On one particular Friday Mary decides to go to the daycare and get the boys early from school because her parents are in town and want to spend time with the boys. Because this was not communicated to John prior to her picking the boys up, she is in breach of their shared parenting agreement, thus making her liable for any consequences that will follow.

In this case, John called the police and had their shared parenting agreement in hand when they went over to Mary’s house to retrieve the kids.

Child Support

How much are you expecting from your ex, and what will it cover? How often? Court documents will usually spell this out for you and can be included in a shared parenting agreement.

Every case is different when it comes to child support, from the amount being paid to the frequency. Depending on their jurisdiction, child support may also be tracked. In Illinois and Indiana, the courts will order the father or mother to pay the minimum bi-weekly if there is a disparity in the gross monthly income. Some judges will allow the parent to request receipts indicating that the money for child support actually went toward the necessities of the child and some will not.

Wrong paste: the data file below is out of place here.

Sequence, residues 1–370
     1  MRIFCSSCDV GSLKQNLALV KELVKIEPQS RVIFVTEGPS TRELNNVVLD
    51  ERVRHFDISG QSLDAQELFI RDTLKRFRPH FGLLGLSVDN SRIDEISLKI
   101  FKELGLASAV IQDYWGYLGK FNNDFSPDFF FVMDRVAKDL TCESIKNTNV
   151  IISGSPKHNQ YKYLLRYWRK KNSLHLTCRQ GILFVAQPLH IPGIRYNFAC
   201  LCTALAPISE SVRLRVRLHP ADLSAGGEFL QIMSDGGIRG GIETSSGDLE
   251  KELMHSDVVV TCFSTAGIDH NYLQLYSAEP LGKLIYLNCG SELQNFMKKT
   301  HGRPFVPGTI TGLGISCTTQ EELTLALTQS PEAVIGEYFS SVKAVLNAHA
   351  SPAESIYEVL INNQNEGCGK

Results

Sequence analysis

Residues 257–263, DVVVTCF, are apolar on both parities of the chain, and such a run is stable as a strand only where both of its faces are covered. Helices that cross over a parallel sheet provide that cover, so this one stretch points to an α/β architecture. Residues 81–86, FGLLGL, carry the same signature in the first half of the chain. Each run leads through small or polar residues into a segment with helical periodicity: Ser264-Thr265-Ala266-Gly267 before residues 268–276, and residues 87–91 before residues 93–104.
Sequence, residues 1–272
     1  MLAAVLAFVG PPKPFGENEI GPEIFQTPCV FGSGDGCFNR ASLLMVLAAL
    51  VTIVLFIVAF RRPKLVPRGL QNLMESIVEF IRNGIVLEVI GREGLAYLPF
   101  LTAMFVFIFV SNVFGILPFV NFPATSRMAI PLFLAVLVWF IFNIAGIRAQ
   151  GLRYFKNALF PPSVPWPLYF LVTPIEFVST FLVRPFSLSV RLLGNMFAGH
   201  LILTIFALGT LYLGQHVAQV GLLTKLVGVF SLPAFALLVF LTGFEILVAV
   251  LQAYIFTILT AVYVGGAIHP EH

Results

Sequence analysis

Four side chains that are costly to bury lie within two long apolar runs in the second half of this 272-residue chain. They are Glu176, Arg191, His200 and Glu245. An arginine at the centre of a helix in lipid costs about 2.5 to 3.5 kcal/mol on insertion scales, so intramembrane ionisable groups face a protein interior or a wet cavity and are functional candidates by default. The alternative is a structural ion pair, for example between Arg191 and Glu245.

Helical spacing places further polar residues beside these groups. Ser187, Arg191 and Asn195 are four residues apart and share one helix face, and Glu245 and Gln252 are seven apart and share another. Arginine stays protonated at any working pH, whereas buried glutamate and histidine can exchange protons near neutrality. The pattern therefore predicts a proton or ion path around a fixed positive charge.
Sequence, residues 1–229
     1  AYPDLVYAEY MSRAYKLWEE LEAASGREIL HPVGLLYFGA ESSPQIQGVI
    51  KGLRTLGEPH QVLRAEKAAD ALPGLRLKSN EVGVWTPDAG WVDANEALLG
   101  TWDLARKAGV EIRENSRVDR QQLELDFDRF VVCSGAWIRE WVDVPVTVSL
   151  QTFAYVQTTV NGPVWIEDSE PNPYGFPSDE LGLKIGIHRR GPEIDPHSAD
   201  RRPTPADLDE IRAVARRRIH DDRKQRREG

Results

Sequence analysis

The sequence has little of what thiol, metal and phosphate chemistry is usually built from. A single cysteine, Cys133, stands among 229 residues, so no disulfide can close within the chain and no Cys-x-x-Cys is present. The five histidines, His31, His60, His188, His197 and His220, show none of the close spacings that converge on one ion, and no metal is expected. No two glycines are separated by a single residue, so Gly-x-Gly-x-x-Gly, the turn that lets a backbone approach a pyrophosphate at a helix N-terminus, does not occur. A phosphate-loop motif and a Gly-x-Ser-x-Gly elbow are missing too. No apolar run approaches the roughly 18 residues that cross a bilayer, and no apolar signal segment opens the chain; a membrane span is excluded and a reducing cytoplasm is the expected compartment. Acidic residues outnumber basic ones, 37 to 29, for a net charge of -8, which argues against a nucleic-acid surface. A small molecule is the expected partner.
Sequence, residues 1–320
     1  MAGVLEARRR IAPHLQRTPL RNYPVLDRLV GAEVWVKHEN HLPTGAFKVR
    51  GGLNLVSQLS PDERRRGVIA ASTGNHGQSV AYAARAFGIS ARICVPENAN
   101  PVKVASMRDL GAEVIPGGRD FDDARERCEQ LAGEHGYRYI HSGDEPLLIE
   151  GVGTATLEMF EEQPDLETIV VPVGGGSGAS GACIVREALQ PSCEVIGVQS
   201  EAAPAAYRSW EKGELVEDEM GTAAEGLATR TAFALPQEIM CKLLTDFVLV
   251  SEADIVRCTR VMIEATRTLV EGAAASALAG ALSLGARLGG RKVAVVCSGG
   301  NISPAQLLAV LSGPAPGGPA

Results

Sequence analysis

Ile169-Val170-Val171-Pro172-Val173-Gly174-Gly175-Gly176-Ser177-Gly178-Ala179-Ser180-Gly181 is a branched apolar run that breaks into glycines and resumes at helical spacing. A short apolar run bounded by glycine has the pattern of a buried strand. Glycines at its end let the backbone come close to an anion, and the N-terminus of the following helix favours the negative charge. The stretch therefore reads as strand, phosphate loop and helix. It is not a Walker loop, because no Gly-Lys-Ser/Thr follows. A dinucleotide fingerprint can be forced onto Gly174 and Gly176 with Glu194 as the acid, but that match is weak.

However, once you receive documentation of your child support agreement enforced by the courts, you can choose to include it in your shared parenting agreement.


This includes health, vision, dental, and/or life insurance. The parenting plan should cover who will pay for your child’s insurance and if you will you go half.

Think of it as training wheels for your family…

Will you pay for life and health, while they pay for dental and vision?

How long will the both of you pay?

Will it be coming out of your paychecks directly, or will it be drafted from a savings account specifically for the child?

Be very specific about the answers to these questions and document them in your shared parenting agreement.


What months will you get the child for vacations? How long will the vacations last?

For instance my daughter goes away with her dad because he is a truck driver. However, because she is getting older and school is not as lenient as daycare, we decided she will go away for two weeks during the school year and for a month during the summer break, and it works.

I would also suggest being flexible as life happens to everyone. If your parenting partner is unable to take the child away on the said days set forth in the shared parenting agreement, it may be beneficial to work out an alternate vacation schedule.


Where will the child’s primary address be? Will they stay with you at your home during the week and go with dad on the weekends?